After 31 years in Montgomery County, Republican Connie Morella still has the broad vowels and distinctive accent of her native Somerville, Mass., a working-class city next door to Boston.
She also carries with her three political lessons learned in that thoroughly Democratic enclave: Knock on doors. Organize. And knock on doors some more.
Morella, 55, is running in a primary election this September, but already has set her sights on the Nov. 4 general election. Her strategy depends on a number of variables, none more important than increasing her visibility outside her base in affluent Bethesda.
To that end, Morella is doing what any good Somerville alderman does: She is walking the 8th District from Gaithersburg to Silver Spring, knocking on doors for votes.
Hers is no easy task. Despite her popularity in Bethesda, where she has been twice elected to the House of Delegates in Annapolis by comfortable margins over Democrats, Morella will tread on solidly Democratic turf as she moves from Rockville to Wheaton and Colesville.
Confident that most Republicans will be in her corner, she now is scratching for unregistered voters and conservative Democrats.
If Morella survives the primary, as many GOP leaders believe she will, her liberal record on a variety of social issues such as women's rights will probably cause some defections from the Democratic Party in November.
Her more conservative stands, particularly on government spending, could hurt her among Democrats.
Morella's strongest asset could well be her own engaging personality and warm sense of humor, tested by a number of political perils -- and the nine children she and her husband Anthony, a lawyer and Republican activist in his own right, have reared.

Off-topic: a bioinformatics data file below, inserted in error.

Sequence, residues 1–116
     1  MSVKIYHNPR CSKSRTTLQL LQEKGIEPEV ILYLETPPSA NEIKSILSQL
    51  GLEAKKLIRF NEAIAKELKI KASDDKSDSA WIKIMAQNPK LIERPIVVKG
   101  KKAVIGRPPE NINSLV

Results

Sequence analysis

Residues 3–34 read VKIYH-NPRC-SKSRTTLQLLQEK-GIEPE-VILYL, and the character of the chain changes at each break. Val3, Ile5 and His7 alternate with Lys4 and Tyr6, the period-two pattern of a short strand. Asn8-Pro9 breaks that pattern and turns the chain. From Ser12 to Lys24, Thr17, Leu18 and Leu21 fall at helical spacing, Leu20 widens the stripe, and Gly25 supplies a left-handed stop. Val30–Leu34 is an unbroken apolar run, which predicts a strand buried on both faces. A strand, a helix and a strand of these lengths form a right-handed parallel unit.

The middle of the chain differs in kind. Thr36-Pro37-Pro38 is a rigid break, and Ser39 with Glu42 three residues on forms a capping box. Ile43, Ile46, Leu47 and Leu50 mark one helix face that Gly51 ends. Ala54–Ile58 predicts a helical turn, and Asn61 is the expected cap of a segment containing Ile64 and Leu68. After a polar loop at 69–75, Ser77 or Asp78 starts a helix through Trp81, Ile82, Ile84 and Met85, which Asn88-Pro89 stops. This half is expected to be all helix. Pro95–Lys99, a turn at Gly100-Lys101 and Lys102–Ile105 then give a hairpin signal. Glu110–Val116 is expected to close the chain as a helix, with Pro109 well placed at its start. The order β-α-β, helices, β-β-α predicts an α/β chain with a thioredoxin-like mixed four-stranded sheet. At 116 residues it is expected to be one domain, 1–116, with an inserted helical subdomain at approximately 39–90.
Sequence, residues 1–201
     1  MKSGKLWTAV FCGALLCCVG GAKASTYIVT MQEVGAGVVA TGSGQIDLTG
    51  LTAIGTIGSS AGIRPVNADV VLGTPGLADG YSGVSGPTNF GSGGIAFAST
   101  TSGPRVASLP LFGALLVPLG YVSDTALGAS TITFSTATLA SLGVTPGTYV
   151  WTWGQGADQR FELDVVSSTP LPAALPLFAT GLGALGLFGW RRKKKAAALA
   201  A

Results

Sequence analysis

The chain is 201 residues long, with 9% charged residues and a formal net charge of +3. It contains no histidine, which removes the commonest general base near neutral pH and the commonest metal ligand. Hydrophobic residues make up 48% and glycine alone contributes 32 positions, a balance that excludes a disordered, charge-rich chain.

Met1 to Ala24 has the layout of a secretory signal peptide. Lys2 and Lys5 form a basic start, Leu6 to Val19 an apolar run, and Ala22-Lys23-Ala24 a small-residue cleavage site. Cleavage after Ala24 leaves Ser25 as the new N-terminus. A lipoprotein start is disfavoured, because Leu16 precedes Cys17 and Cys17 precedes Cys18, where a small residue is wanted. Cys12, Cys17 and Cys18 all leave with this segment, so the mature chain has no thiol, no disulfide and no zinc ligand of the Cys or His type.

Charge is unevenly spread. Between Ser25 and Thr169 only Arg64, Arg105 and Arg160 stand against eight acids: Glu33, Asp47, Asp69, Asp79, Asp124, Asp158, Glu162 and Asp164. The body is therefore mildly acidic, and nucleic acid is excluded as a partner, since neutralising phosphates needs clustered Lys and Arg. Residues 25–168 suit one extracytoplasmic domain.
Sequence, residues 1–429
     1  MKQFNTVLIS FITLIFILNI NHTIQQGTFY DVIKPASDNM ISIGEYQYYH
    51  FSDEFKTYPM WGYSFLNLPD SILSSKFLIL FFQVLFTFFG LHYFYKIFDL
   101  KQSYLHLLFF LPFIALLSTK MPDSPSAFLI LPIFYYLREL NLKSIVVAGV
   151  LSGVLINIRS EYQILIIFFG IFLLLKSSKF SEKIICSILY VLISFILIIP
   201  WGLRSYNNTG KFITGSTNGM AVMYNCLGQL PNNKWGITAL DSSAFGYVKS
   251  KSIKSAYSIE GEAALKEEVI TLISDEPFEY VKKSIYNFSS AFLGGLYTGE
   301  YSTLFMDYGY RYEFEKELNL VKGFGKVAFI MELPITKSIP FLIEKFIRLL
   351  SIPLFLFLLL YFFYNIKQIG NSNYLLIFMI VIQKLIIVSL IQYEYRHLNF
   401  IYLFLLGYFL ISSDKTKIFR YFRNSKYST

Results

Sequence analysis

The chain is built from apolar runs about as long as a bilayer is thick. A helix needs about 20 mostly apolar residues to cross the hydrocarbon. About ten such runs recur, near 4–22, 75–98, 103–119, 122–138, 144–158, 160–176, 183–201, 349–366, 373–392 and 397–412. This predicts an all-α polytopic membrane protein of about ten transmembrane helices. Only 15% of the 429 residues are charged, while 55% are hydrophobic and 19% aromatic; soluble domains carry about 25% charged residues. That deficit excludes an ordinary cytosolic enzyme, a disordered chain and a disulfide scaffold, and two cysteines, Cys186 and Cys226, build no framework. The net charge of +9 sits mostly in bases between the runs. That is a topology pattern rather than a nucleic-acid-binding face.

Morella, one of only two Republicans in Montgomery County's 21-member Maryland House delegation, generally maintained a low profile in her years in Annapolis while building strong ties to her district.
An English professor at Montgomery College since 1970, she has been active on local groups such as the county Commission for Women, which she chaired, and an advisory board on the C&O Canal National Historical Park and the Cub Scouts.
Morella already has been endorsed by the National Republican Congressional Committee, which is expected to funnel significant contributions to her campaign, and by the Maryland GOP's elder statesmen, including retiring Sen. Charles McC. Mathias Jr. and former representatives Gilbert Gude and Newton Steers.
"The same quality that made her so popular in her own district needs to be transmitted to the voters of the 8th," Steers said in recent interview. "If voters get to know that sparkly personality, she's the kind of candidate who can win."